How “Cluster Luck” has impacted the Blue Jays early season success

For many of us, sports offer a pure, unfiltered test of skill. When great athletes do something extraordinary, we can marvel at their natural talent, even daydream about what it would be like to hit 450-foot home runs ourselves.

For others, sports offer a pure, unfiltered test of will. When great athletes do something extraordinary, we can marvel at their perseverance and determination, and be wowed by their ability to overcome pain and adversity when the stakes are highest.

When it comes to breaking down individual and team performances in sports, there’s a third element that’s always in play. We may prefer to think of our favorite players and teams as being driven entirely by skill and will, but there’s no getting around the enormous impact of that third factor: luck. You can’t win without it.

Crunch the numbers on the 2018 MLB season, and one team stands out as being far luckier than any other in one key metric. That team is the Blue Jays, and the stat is Cluster Luck.

As any baseball fan from T-ball to the big leagues can tell you, hits tend to lead to runs. But contrary to popular myths about clutch (or unclutch) hitting, players and teams have little control over when they collect those hits. So when a group of hitters fares particularly well in clustering hits together in the same inning, or a group of pitchers fares particularly well in scattering hits across multiple innings, we can conclude that there’s a lot of luck in play.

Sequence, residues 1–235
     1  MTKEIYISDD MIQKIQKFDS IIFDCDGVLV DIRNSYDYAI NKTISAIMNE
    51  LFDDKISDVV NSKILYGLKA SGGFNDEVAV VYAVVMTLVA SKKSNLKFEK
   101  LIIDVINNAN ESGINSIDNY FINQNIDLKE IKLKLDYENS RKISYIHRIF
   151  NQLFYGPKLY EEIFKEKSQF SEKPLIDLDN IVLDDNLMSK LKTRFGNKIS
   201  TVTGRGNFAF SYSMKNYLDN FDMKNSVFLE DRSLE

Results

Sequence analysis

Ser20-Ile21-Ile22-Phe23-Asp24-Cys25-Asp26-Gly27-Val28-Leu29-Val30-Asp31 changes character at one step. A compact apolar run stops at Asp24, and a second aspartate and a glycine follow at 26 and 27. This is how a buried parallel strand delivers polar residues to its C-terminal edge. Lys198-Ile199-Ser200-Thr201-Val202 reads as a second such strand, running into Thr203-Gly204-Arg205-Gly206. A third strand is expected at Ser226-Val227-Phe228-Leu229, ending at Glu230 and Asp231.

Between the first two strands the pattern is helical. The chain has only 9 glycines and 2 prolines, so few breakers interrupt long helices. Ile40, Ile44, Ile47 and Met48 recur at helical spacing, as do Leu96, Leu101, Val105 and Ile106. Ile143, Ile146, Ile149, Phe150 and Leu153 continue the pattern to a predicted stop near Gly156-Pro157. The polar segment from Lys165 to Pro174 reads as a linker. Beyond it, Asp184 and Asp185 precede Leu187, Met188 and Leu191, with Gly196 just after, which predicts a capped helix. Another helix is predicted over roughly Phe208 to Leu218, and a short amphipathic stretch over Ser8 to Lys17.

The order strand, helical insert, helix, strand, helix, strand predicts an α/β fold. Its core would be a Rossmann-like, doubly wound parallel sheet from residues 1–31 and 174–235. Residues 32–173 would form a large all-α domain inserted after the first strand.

Sports statistician and analyst Ed Feng tracks every major league team’s results when it comes to clustering hits (for hitters) and scattering hits (for pitchers), using a stat called Cluster Luck. By that measure, the Jays hitters have scored about 18 more runs than you’d expect if their hit clustering occurred at league-average levels. Blue Jays pitchers have allowed about 12 fewer runs than you’d expect if they’d scattered their hits allowed at league-average levels. All told, the Jays have derived a benefit of about 30 runs this season from random hit clustering and scattering alone.

That makes Toronto the luckiest team in baseball so far in 2018 by a wide margin.

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